a. Either of two bony or cartilaginous structures that in most vertebrates form the framework of the mouth and hold the teeth.
b. The mandible or maxilla or the part of the face covering these bones.
c. Any of various structures of invertebrates that have an analogous function to vertebrate jaws.
2. Either of two opposed hinged parts in a mechanical device.
3. jaws The walls of a pass, canyon, or cavern.
4. jaws A dangerous situation or confrontation: the jaws of death.
a. Impudent argument or back talk: Don't give me any jaw.
b. A conversation or chat.
intr.v. jawed, jaw·ing, jaws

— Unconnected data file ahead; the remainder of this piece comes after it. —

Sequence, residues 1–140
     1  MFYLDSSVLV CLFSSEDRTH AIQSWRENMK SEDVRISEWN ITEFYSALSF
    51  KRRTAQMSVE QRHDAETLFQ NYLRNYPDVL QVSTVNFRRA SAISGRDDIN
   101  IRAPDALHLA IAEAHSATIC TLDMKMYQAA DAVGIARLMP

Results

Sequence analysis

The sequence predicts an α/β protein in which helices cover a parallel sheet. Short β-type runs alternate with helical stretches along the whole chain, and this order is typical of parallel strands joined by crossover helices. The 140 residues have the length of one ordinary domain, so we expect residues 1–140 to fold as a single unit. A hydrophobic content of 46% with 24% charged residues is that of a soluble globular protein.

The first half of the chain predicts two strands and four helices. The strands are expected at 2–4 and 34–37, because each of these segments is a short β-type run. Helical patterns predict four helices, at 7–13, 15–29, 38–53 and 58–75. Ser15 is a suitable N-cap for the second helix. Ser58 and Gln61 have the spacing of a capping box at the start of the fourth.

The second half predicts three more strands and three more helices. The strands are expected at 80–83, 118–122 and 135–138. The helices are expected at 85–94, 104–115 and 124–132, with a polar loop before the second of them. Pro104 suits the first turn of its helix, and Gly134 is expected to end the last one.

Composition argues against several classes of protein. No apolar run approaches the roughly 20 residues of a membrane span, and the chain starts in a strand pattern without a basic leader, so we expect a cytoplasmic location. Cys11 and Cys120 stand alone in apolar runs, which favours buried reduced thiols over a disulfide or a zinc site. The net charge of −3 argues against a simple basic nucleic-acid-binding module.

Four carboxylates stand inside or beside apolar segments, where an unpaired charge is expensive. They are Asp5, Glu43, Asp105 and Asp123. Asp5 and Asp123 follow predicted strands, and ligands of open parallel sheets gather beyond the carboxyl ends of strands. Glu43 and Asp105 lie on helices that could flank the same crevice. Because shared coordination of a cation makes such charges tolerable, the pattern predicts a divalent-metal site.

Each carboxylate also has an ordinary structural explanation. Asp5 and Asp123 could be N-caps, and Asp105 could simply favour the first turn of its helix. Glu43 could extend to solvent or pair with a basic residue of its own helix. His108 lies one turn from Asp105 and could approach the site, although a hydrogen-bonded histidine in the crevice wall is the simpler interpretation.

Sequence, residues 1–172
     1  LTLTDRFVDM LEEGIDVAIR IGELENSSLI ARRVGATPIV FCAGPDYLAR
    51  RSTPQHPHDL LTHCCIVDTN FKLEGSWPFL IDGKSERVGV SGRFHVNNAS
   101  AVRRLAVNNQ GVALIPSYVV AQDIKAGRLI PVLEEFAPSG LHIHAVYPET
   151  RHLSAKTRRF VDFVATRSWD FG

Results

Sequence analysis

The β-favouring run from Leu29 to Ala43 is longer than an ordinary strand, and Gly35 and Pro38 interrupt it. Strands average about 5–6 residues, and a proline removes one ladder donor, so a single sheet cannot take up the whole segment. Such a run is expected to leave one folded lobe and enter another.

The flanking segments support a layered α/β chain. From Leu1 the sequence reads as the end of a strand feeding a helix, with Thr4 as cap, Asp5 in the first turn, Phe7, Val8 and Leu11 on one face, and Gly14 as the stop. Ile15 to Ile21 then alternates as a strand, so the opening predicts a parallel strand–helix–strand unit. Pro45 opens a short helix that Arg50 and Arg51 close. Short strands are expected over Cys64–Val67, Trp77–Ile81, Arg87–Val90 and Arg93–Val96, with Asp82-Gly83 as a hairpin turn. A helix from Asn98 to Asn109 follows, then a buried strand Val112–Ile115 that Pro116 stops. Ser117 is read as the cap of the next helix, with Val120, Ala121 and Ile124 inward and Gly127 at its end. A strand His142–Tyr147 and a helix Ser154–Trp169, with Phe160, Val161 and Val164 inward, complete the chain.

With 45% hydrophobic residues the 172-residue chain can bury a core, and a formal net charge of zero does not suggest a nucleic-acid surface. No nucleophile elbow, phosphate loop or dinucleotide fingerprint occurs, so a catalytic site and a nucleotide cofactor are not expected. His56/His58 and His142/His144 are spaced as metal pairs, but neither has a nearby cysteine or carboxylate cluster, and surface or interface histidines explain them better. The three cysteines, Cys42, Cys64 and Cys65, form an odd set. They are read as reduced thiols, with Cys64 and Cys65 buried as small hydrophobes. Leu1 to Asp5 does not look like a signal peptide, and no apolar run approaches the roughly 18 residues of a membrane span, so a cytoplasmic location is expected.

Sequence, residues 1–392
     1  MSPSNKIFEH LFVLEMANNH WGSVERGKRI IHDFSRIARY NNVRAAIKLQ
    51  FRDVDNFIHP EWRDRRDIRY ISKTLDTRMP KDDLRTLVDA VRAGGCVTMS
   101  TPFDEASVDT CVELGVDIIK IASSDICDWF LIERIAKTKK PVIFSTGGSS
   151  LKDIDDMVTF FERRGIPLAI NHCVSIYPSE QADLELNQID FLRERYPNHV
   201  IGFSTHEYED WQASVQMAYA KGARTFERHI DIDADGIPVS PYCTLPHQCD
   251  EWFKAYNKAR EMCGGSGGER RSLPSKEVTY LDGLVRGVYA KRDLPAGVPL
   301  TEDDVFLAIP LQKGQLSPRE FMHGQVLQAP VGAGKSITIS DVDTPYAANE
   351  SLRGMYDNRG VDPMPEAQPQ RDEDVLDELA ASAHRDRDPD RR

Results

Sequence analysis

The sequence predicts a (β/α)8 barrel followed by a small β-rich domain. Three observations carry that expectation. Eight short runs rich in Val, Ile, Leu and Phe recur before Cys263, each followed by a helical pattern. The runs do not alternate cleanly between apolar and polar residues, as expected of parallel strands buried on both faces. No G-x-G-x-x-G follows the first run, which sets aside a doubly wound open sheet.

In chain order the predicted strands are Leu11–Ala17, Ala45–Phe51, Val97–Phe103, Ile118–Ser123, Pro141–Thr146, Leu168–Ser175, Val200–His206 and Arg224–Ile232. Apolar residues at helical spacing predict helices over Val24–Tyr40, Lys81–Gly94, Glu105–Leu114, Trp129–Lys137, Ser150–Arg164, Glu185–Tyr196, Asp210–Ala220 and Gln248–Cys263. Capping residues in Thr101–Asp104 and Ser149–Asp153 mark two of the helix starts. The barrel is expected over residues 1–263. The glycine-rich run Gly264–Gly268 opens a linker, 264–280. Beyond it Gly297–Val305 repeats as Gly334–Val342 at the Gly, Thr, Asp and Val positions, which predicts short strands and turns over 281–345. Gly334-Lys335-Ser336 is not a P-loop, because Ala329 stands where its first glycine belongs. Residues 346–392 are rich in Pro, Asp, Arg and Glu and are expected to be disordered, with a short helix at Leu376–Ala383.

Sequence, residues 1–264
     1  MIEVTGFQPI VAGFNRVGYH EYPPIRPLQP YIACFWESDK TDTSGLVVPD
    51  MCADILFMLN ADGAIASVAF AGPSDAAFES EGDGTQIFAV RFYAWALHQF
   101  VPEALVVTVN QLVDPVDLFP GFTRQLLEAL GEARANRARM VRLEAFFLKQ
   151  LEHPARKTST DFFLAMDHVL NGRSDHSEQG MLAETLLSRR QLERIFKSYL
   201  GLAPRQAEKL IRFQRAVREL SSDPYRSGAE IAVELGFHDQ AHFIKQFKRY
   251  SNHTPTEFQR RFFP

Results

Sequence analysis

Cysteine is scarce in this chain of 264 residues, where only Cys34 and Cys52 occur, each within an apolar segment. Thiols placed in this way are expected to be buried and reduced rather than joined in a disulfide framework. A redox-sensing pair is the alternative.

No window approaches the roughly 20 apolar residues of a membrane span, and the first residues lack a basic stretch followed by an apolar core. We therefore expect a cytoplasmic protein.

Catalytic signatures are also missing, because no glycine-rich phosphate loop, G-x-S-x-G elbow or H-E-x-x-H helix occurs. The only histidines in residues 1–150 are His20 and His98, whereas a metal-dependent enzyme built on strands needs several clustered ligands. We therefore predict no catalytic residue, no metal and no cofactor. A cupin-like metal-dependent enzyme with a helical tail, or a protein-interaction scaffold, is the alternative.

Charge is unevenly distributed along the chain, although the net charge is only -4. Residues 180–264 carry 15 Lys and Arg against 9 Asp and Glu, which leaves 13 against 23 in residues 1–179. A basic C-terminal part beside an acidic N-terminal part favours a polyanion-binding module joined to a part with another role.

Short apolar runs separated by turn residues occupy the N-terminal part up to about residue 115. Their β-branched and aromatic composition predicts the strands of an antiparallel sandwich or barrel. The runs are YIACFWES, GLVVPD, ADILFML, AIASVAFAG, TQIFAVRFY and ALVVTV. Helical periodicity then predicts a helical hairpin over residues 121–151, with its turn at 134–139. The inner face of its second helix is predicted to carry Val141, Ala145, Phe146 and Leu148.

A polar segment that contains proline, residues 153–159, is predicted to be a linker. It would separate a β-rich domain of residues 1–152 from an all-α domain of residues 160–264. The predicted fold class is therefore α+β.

1. To talk vociferously; jabber.
2. To talk; converse.
[Middle English jawe, jowe, perhaps from Old French joue, cheek.]
The American Heritage® Dictionary of the English Language, Fifth Edition copyright ©2020 by Houghton Mifflin Harcourt Publishing Company. All rights reserved.
Indo-European & Semitic Roots Appendices
Thousands of entries in the dictionary include etymologies that trace their origins back to reconstructed proto-languages. You can obtain more information about these forms in our online appendices:
The Indo-European appendix covers nearly half of the Indo-European roots that have left their mark on English words. A more complete treatment of Indo-European roots and the English words derived from them is available in our Dictionary of Indo-European Roots.